Issue #33 Contributors

October 20, 2017

 

Featured authors and artist

 

Hussain Ahmed is a Nigerian writer and environmentalist. His poems are featured or forthcoming in Prairie Schooner, Rise Up Review, Vinyl Poetry, Puerto del Sol, Yemassee and elsewhere.

 

 

 

Aileen Bassis is a visual artist in Jersey City working in book arts, printmaking, photography and installation. Her artwork can be viewed at www.aileenbassis.com. Her use of text in art led her to explore another creative life as a poet. She was awarded an artist residency in poetry to the Atlantic Center for the Arts. Her poems have appeared in B o d y Literature, Spillway, Grey Sparrow Journal, Canary, Amoskeag, Stone Canoe, The Pinch Journal and Pittsburgh Poetry Review.

 

 

Alexis Bates is a poet and writer who uses words to initiate intimacy with an audience. You can read her work in Luna Luna Magazine, Five:2:One, Vagabond City Lit, and elsewhere. Her micro-chap, When Cars Touch, is published with Ghost City Press.

 

 

 

James Blevins is an award-winning poet who studied English and Creative Writing at the College of Central Florida. His poetry has been published or is forthcoming in Pretty Owl Poetry, Stoneboat Journal, Alexandria Quarterly, concīs, THAT Literary Review and elsewhere. His first published short story, “For All the Bending,” was included in the 2016 Scythe Prize collection.

 

 

Moushumi Chakrabarty is the author of two non-fiction books for young readers. She grew up in India and became a naturalized Canadian many years ago. She writes poetry as a way to explore ideas of nation, identity and connection. Currently she is working on a book about astronauts.

 

 

Savannah Cooper is a writer and photographer. She holds a BA in English—Creative Writing from Lincoln University of Missouri. She currently lives in southern Missouri with her husband, dog, and two cats. Her work has previously appeared in Plenilune Magazine and The Coe Review.

 

 

Natalie Crick, from the UK, has work published in a range of journals and magazines including Rust+Moth, The Chiron Review, Ink in Thirds, Interpreters House and The Penwood ReviewThis year her poem “Sunday School” was nominated for the Pushcart Prize. Her first chapbook will be released by Bitterzoet Press this year.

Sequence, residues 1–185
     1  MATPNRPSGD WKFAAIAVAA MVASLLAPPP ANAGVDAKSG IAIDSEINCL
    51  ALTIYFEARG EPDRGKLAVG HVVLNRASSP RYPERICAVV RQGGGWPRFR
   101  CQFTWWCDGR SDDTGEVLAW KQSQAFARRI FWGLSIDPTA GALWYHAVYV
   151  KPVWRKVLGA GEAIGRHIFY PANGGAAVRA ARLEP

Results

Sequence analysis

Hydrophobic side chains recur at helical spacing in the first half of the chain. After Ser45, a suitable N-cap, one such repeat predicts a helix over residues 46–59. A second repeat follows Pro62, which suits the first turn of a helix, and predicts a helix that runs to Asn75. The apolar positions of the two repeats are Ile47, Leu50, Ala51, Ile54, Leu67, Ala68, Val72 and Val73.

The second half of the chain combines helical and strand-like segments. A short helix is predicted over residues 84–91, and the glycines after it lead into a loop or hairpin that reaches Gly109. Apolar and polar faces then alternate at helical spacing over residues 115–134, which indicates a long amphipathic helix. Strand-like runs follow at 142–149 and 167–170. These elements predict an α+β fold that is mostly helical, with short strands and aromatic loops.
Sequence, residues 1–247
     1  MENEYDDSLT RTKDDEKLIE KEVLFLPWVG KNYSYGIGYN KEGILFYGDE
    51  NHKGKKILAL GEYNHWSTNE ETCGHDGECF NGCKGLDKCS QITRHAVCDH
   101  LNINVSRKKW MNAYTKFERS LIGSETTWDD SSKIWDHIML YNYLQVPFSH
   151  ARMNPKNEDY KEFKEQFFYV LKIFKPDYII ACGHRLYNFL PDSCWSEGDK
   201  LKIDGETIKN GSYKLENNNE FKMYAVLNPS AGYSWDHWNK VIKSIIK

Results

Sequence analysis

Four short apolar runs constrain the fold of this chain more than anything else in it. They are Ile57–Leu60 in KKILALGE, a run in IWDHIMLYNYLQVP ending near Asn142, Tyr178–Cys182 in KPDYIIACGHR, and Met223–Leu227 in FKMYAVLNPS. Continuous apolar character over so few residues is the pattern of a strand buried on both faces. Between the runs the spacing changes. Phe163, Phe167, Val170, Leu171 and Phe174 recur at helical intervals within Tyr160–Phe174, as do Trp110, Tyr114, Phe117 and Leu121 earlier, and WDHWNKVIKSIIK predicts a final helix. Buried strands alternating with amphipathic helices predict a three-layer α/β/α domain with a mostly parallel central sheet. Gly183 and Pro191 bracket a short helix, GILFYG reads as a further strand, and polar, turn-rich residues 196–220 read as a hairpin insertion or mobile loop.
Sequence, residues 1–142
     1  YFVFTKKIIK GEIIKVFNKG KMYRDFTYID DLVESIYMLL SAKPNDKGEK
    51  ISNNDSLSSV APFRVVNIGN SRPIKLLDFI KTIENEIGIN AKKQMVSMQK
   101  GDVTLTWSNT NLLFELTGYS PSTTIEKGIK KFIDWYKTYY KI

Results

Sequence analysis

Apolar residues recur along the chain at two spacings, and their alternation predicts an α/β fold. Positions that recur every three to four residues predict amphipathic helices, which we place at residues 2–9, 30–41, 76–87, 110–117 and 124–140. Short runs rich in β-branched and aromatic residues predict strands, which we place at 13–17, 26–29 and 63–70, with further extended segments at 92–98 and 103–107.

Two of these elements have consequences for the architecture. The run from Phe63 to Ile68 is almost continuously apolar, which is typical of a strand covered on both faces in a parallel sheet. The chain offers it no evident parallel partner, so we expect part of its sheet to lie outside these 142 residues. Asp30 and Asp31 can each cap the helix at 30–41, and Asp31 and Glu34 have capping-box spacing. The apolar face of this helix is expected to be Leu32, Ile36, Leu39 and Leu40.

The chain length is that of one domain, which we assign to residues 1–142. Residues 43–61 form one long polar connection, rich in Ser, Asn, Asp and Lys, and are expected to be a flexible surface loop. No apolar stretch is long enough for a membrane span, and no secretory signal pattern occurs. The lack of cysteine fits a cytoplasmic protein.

Jessica Lee is an Assistant Editor for Narrative Magazine and an intern for Copper Canyon Press. Her work has appeared or is forthcoming in American Literary Review, BOAAT, cream city review, DIAGRAM, Fugue, NASTY WOMEN POETS: An Unapologetic Anthology of Subversive Verse (Lost Horse Press), phoebe, and elsewhere. She was a finalist for the 2017 So to Speak Poetry Contest and the 2017 Greg Grummer Poetry Award. Find her online at readjessicalee.wordpress.com.

 

 

D.S. Maolalai was born in Ireland and recently returned there after two years in Toronto, where he worked maintenance for a hospital and drank wine. His first collection of poems, Love is Breaking Plates in the Garden, was published by the Encircle Press in 2016. He has twice been nominated for the Pushcart Prize.

 

 

Kristian O’Hare’s poetry has been published in Cobalt Review and San Francisco State University’s Fourteen Hills. He was named a finalist at the Tennessee Williams/New Orleans Literary Festival for his poetry. He earned his Ph.D. in English with an emphasis in playwriting at Western Michigan University in 2009, and a Masters degree in English with an emphasis in playwriting from Boston University, where he worked with Nobel Laureate Derek Walcott. His plays have been produced or developed by the Ruckus Theatre (Chicago), Ringwald Theatre (Detroit), The Dramatists Guild Footlights Series (San Francisco), Ivy Theatre Company (NYC), Great Plains Theatre Conference (Omaha), and a number of other companies.

 

Brent Schreiber is an artist/illustrator located in Elmira, ON Canada. His personal work focuses on realism-based figurative / portrait paintings combining illustrative and narrative themes. Brent is best known for his Listen series. It is an ongoing collection featuring the portrait and figure exploring themes of god, faith, spirituality, hope, religion, and the human bond. His work is held in both private and public collections in the United States, Europe, Australia, and Canada.

 

 

Milla van der Have wrote her first poem at 16, during a physics class. She has been writing ever since. One of her short stories won a New Millennium Fiction Award. In 2015 she published Ghosts of Old Virginny, a chapbook of poems about Virginia City. Milla lives and works in Utrecht, The Netherlands.

 

 

Rachel Walker is a recent graduate of the University of Maryland, College Park, where she studied English, French, and Creative Writing. She now lives in Texas, where she works with Americorps to provide case management services to individuals experiencing homelessness in Austin. This is her first publication.